Emma Bowyer, 18, of Jerrabomberra admires her Rachel Gilbert gown.

Emma Bowyer, 18, of Jerrabomberra admires her Rachel Gilbert gown. Photo: Graham Tidy

Dress? Check. Spray tan? Check? Stretch Hummer? Check. Canberra’s school formal season is about to be in full swing.

It’s a rite of passage celebrated by hundreds of students each year and no matter how it’s done, it’s significant and meaningful.

We're creating photo galleries of the best pictures of this year's school Year 10 and Year 12 formals. Send photos of your school formal to formals@canberratimes.com.au

Narrabundah College year 12 student Annalise Fredericks, 17,  is hand-making the bulk of her outfit, going for a romantic look inspired by the Victorian era and a little steampunk (Google it people.)

‘‘I’m probably trying to be a bit individual and not blend in with the crowd. Just be myself,’’ she said.

Annalise said her school won’t be having arrivals this year because it’s at Parliament House. She says the event is important.

‘‘I guess it’s symbolising the end of secondary school and celebrating with the people I’ve come to know as my friends,’’ she said.

‘‘It’s really the end of something that has been a part of my life for a good number of years.’’

St Mary MacKillop College year 12 student Emma Bowyer bought her $800 Rachel Gilbert dress from Momento Dezigns in Manuka.

Her part-time catering job is helping to pay for the dress, along with some help from mum and dad.

‘‘I just kind of fell in love with it,’’ she said. ‘‘It was the first dress I tried on. It was really unique. I sort of knew no one else would have it.’’

And that’s key. Many boutiques run formal registries to ensure girls from the same school don’t double up on their dress.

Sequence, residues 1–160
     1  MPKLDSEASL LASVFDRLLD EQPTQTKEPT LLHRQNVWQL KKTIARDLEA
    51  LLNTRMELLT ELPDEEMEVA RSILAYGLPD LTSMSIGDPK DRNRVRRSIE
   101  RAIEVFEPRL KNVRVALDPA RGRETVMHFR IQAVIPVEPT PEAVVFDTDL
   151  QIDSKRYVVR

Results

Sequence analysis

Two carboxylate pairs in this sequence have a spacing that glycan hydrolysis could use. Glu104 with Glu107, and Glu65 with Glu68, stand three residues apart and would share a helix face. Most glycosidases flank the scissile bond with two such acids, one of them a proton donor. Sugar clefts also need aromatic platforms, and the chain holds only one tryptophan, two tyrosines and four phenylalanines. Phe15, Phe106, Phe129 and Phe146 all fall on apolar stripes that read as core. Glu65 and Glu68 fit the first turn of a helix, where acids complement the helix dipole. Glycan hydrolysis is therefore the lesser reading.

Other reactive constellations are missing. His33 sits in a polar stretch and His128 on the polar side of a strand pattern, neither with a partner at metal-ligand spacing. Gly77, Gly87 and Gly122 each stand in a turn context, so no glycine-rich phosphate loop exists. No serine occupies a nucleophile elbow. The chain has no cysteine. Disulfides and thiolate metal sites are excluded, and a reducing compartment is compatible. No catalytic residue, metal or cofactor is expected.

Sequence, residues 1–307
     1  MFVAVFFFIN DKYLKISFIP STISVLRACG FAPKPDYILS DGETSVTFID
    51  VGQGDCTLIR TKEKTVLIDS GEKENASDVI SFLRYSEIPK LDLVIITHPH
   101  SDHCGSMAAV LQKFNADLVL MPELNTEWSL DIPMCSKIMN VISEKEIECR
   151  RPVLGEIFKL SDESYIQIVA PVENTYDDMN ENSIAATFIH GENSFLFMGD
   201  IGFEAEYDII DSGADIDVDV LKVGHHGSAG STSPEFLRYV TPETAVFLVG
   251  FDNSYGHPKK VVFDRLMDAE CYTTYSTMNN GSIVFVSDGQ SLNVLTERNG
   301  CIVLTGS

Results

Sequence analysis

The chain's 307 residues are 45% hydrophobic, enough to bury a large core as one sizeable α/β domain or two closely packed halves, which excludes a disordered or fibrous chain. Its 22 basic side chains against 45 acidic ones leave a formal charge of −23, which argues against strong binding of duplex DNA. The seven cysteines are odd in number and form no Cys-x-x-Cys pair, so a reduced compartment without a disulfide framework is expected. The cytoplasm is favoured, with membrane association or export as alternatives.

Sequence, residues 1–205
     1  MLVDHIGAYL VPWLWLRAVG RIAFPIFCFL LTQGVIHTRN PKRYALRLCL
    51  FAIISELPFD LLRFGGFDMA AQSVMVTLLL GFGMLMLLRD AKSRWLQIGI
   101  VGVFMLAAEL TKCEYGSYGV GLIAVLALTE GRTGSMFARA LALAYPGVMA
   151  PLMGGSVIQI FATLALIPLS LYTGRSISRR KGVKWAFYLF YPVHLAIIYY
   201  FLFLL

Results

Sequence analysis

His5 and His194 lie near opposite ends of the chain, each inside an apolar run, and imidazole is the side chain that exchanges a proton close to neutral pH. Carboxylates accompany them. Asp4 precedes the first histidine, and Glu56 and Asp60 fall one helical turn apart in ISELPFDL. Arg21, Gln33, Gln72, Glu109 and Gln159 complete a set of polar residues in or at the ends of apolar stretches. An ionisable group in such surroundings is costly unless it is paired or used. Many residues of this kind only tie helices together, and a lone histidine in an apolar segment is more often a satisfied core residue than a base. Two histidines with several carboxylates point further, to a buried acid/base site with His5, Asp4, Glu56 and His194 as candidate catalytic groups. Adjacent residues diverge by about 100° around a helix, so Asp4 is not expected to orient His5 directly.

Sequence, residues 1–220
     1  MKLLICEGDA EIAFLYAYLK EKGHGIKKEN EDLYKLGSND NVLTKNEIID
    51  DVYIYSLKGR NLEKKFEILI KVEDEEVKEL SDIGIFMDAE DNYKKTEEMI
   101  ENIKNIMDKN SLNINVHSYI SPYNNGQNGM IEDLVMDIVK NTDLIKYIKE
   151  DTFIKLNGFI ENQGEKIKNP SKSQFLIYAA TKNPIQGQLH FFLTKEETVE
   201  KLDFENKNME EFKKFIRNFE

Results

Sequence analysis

Emma, 18, says she’ll be getting her hair and makeup done and having a spray tan. And she and her partner have booked a white Chrysler for the arrival ‘‘which matches my dress’’.

‘‘I guess, especially for year 12, it’s a once in a  lifetime opportunity,’’ she said. ‘‘Every girl loves to get to get dressed up and dolled up for a special occasion.’’

She believes formals signify ‘‘a new beginning’’.

And formals are also good for business.

Anthony Toms from John Hanna menswear said guys were going for a dashing James Bond look this year with dark grey or black suits.

‘‘They all like it to be a super-slim fit,’’ he said.

Sasha Stanovic from Blades Menswear said some were going for a tuxedo; others for a vest with no jacket.

He kept track of who was from which school to ensure each was ‘‘styled a little differently’’.

Roslyn Wright from Momento Dezigns said a lot of girls still wanted to come into a boutique for their formal dress because they’d been disappointed with the fit or look of an online purchase.

‘‘They’re still going long and pretty glamorous,’’ she said. ‘‘A lot of them want sequins and they’re loving the backless.’’

David Jones womenswear general manager Sophie Clark said black and white was popular for girls this formal season while blue was the biggest trend for guys.

Cataldo’s  Salon hair stylist Claudia Cataldo said girls were going for a soft, natural look or a ‘‘big, beautiful blowdry off the face’’.

Tantric Tanning Mawson salon owner Lily Michalis said a lot of girls were coming in for ‘‘practice tans’’ to make sure the colour suited their outfit on the night.

‘‘They usually come in groups and have lots of fun,’’ she said.

True Blue Wedding cars owner Tony Bevacqua hires out a fleet of classic cars for school formals, the GT Falcons proving popular. But the type of car is sometimes the least consideration.

‘‘A lot of the times they want the colour to match the girl’s dress,’’ he said.

Hannah Barnes, from Canberra Hummer, said its 16-seater, nearly 11-metre long stretch Hummer was virtually booked out for November and December. It cost $1120 for 16 people for 90 minutes. And people were lining up to pay it.

‘‘People start booking it as soon as they find out the date of their formal,’’ she said.